Growing Real Change
By Stett Holbrook
PRESIDENT-ELECT Barack Obama is starting to draw up names for various cabinet positions. The secretaries of state, defense and treasury will probably be the first appointments he makes. The secretary of agriculture, never a high-profile position, will surely come later. But now that our long national nightmare of George Bush is about to come to an end, I'm hoping Obama will give some serious thought to how we feed ourselves. I'd argue that the secretary of agriculture post and an overhaul of our food policy need to become top priorities.
Writer Michael Pollan, author of The Omnivore's Dilemma and In Defense of Food, has become one of the leading voices in America for food policy reform. He wrote a provocative cover story in the Oct. 12 New York Times Magazine in which he offered some suggestions to the then unknown president-to-be. The basis of his advice is the belief that our food policy has become a national security issue. Because the centralized production and distribution of food in America is based on petroleum in the form of pesticides, herbicides, fertilizers and gasoline-powered distribution, this system is not only fouling the environment but it exposes our dependency on foreign oil and our vulnerability to domestic terrorism in the form of food tampering. And, what we produce and the way we eat are primary factors in the skyrocketing rates of obesity and chronic diseases such as diabetes.
Unless we remake our food policy, he argues, our next president will not be able to make significant progress on the health-care crisis, energy independence or climate change. Among other things, Pollan calls for the "resolarizing" of food system, switching from mono-crops (corn, soy) that depend on petroleum-based chemicals to more holistic, diversified agriculture that relies on the sun instead of oil. And I love his idea of ripping up five acres of the White House south lawn and replacing them with fruit and vegetable gardens to spur Americans to grow their own food.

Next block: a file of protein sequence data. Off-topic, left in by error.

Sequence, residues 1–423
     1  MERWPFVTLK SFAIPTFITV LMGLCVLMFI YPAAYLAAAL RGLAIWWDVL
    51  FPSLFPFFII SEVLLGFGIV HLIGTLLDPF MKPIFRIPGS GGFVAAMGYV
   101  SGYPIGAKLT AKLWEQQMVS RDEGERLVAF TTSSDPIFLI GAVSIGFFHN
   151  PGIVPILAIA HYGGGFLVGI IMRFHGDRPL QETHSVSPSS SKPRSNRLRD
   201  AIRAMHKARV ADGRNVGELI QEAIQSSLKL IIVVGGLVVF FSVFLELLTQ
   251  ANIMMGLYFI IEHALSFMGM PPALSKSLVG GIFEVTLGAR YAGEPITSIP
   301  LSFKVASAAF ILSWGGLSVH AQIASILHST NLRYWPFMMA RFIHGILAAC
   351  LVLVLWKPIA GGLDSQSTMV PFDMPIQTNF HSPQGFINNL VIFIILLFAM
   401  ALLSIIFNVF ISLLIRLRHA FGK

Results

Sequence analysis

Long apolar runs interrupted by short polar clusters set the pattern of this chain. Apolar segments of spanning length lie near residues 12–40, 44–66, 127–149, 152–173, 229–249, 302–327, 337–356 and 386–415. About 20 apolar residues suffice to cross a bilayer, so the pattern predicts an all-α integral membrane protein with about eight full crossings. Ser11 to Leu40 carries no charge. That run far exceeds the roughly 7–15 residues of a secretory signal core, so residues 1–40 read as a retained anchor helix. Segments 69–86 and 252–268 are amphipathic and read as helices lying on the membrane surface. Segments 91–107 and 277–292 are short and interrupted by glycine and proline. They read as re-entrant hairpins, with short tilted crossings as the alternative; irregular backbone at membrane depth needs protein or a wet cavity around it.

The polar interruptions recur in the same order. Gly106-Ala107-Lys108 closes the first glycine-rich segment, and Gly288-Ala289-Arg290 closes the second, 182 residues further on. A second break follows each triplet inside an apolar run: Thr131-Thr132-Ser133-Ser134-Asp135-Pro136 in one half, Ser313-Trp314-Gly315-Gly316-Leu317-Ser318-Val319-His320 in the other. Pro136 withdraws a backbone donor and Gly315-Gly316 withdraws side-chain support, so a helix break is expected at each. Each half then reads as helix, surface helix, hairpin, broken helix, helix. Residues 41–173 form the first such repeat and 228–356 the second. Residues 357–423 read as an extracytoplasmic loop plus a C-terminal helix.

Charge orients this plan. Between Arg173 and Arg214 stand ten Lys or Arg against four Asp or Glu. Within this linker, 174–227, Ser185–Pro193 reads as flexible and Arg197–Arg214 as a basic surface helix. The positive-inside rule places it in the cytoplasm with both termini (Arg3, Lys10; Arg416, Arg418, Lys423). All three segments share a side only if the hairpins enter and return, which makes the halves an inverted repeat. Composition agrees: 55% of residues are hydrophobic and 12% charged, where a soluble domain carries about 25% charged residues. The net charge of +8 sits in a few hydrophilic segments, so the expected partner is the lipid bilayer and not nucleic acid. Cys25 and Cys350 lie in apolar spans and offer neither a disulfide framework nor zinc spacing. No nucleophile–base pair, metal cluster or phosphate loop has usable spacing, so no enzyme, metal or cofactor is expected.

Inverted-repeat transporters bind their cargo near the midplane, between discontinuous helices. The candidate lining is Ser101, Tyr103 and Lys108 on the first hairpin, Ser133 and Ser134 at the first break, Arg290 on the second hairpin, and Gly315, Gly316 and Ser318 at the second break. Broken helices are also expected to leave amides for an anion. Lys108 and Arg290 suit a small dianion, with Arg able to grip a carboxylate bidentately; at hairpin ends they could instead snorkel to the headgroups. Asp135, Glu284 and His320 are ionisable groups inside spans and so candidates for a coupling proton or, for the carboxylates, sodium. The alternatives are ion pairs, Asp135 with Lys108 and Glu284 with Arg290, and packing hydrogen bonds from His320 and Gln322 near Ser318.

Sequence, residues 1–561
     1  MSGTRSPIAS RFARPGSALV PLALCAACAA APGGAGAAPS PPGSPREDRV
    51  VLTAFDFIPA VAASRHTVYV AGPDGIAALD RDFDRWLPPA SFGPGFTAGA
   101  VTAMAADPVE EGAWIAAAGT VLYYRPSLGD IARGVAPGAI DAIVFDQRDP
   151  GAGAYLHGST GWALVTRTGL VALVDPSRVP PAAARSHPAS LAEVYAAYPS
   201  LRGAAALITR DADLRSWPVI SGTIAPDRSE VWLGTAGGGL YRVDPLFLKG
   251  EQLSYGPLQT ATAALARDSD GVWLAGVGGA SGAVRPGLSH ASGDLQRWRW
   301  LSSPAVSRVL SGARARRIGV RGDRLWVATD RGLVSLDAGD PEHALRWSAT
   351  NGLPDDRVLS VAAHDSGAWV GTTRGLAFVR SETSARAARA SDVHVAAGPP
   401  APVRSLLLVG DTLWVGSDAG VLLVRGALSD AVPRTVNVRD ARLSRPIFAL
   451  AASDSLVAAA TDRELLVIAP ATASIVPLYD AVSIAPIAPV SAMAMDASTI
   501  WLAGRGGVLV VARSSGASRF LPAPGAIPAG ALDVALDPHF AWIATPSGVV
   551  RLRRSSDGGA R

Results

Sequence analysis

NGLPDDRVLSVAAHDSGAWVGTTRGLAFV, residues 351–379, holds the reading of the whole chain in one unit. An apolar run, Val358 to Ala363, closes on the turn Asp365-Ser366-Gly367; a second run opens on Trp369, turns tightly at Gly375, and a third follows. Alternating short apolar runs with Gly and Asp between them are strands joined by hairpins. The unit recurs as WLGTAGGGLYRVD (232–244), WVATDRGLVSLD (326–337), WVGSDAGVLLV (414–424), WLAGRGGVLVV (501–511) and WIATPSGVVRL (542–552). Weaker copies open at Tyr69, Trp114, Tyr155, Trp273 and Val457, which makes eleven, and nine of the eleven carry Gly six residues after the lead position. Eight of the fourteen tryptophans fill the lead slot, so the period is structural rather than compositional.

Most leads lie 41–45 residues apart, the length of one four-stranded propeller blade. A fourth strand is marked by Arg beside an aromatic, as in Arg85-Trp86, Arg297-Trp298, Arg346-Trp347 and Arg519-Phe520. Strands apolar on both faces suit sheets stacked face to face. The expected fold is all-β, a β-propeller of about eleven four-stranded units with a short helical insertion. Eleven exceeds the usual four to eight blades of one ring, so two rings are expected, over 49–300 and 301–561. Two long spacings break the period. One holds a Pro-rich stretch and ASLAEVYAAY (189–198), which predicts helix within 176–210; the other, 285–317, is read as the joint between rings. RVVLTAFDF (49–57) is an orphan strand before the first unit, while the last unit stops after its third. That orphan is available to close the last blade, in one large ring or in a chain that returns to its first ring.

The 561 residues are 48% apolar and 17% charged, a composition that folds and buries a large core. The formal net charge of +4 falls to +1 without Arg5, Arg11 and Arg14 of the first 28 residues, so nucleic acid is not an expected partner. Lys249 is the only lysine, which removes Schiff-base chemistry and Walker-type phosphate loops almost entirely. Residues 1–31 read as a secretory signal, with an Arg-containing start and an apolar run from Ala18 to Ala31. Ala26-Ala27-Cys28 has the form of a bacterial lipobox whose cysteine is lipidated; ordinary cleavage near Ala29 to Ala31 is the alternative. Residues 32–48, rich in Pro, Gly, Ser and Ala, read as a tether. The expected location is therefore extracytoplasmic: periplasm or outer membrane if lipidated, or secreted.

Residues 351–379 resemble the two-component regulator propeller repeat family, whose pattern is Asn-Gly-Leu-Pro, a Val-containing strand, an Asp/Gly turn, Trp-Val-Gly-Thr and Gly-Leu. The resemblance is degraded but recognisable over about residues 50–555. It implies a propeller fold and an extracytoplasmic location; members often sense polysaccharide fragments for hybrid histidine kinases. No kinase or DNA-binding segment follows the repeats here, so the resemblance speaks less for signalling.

Obama reportedly read Pollan's "memo" and I hope he takes the advice to heart. But there's another writer who has some words Obama should read, Watsonville farmer Andy Griffin, who runs Mariquita Farm with his wife, Julia, The small organic farm supplies fresh produce to families and restaurants throughout the Bay Area. Griffin is also a gifted, tell-it-like-is writer who pens a bimonthly column in his farm newsletter, "The Ladybug Letter." (Mariquita means ladybug in Spanish). In his Oct. 28 column "Daisy Chains and Milkmaids: An Open Letter to Michael Pollan," Griffin took Pollan to task for what he saw as a glaring omission in his N.Y. Times story. Griffin had high praise for Pollan with one notable exception: nowhere in his 8,324 words did he mention farmworkers, the basis of our entire food system. He wrote about the creation of "green jobs" in a post-oil agricultural system, but farm laborers didn't merit a mention.
"It's an interesting oversight, but I can't imagine you left the farm workers out intentionally," Griffin writes. "The role of the farm worker is simply too much of a symptom of and poetic metaphor for of the chaos of our food system for a man of your learning not to notice. ... It is precisely because Mexican peasants can't afford to buy corn and beef in their own country, or compete with multi-national food corporations and sell their produce to their friends and neighbors in Mexico, that they come here to work. Changing our food policy is key to unlocking the dungeon that is our immigration policy."
Just as food policy was seldom discussed on the campaign trail, neither was immigration reform. There can be no food production in this country without the backbreaking labor supplied by legions of documented and undocumented workers, most of whom come from Mexico. But the farmworkers who produce our food are subjected to hypocritical fearmongering and xenophobic calls to seal our southern borders from the invading brown hordes. I'm all for shifting our food policy away from petroleum-based, chemical-intensive agriculture in favor of a more regionalized, sustainable system advocated by Pollan. But we also need to face up to the reality that Griffin sees every day: we depend on immigrant farm laborers to feed us. We must treat them better.
I don't have a solution to our immigration challenges, but Griffin's insistence that we own up to the reality of food production in America is a good place to start. He probably wouldn't take the job, but maybe farmer Andy deserves a spot on Obama's short list of candidates for secretary of agriculture.
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